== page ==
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The Nature of Cultural and Global Learning: Key Concepts for Teacher Preparation

The author and her collaborators will be presenting a free AACTE webinar Wednesday, April 12, 3:00-4:00 p.m. EDT on “Building Teachers’ Cultural and Global Awareness to ‘Reach and Teach’ All Students” (see this blog for more information). The views expressed in this post do not necessarily reflect the views of AACTE.

Various education-oriented groups have sounded the call for increasing attention to global competence among our nation’s PK-12 students. Recent reports from the Council of Chief State School Officers and the Asia Society, the Longview Foundation, the U.S. Department of Education, and the Organization for Economic Cooperation and Development have underscored the need to prepare all students to live and work in an interconnected, interdependent world. What does this mean for the preparation of their teachers?

Standard 2 of the InTASC model core teaching standards says that teachers should use “understanding of individual differences and diverse cultures and communities to ensure inclusive learning environments that enable each learner to meet high standards.” In my state of Kentucky, a number of opportunities have been developed to help provide teachers with this understanding and the skills to extend it to their students.

One very effective program at the educator preparation level provides the opportunity for preservice teachers to practice student teaching abroad. Participants describe this program as transformative, broadening their cultural perspectives and opening their eyes to cultural biases and new perspectives. While it is heartening to see the impact this program has on candidates who participate, unfortunately, the percentage of candidates at the University of Kentucky who student teach abroad is quite small – about 5%. When study abroad is not available or not feasible, alternative methods of developing the cultural and global awareness necessary to effectively “reach and teach” all learners can be helpful.

As I mentioned in my last blog on this topic, I’ve made use of the My Cultural Awareness Profile (myCAP©) Suite of Resources from NAFSA: Association of International Educators to help address this need. Designed to promote the development of cultural and global awareness of preservice educators through a variety of methods, these resources can be used to support students who are fortunate enough to study abroad as well as those who are place-bound. With permission from NAFSA, I’d like to highlight some of the key concepts and activities included in the instructor guide for these resources, based on three interconnected dimensions:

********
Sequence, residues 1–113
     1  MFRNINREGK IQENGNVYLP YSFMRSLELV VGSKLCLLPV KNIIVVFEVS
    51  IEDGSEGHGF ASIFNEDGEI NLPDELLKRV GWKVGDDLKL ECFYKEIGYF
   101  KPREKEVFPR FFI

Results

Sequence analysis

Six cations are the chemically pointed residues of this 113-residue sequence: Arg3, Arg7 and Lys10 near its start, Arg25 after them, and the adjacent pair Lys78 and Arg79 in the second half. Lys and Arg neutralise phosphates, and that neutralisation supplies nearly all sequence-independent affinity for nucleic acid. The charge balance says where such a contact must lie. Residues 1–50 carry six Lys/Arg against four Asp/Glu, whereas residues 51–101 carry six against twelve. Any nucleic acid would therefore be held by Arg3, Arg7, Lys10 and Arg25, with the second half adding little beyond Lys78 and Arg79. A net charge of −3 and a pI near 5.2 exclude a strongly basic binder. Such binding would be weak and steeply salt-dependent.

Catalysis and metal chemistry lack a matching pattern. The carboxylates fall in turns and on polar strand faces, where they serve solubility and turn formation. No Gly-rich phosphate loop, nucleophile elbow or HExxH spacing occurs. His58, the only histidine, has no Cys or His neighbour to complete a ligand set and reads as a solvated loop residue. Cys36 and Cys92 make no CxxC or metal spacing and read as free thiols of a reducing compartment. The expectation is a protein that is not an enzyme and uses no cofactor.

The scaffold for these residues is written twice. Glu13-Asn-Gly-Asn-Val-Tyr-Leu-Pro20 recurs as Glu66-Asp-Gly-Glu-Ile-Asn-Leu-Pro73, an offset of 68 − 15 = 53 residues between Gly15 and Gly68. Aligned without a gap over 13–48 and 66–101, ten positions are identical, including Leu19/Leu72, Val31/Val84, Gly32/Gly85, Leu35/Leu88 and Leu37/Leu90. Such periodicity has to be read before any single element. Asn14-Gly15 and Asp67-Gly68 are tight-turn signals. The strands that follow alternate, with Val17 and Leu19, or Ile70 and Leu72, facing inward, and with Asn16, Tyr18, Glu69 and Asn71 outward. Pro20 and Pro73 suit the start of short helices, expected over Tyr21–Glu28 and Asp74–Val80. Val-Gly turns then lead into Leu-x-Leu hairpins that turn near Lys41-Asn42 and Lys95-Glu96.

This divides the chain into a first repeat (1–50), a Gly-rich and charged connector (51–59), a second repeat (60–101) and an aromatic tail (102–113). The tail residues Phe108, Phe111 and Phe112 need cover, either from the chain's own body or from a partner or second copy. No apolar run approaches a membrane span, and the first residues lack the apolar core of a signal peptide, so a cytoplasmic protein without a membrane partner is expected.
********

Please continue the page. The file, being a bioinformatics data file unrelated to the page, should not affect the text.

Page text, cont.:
• Understanding of cultural and global contexts
  • Integration of cultural and global perspectives in the curriculum
  • Responsiveness to the influence of culture on teaching and learning

Understanding of Cultural and Global Contexts

Educators should have a basic understanding of cultural and global contexts, such as –

  • Knowledge of and interest in international issues and global systems
  • Cognizance that individual choices may have a global impact, and awareness of ways individuals can take action to address global issues
  • Familiarity with the concept of culture, including the general cultural categories used to compare and discuss diverse cultural practices
  • Curiosity and respect for the diversity of human cultural practices, both globally and within the local context

Ideas for teacher educators to facilitate learning:

  • Ask teacher candidates to generate their top-10 list of global issues that are important to them, and find avenues that would allow them to learn more and get involved.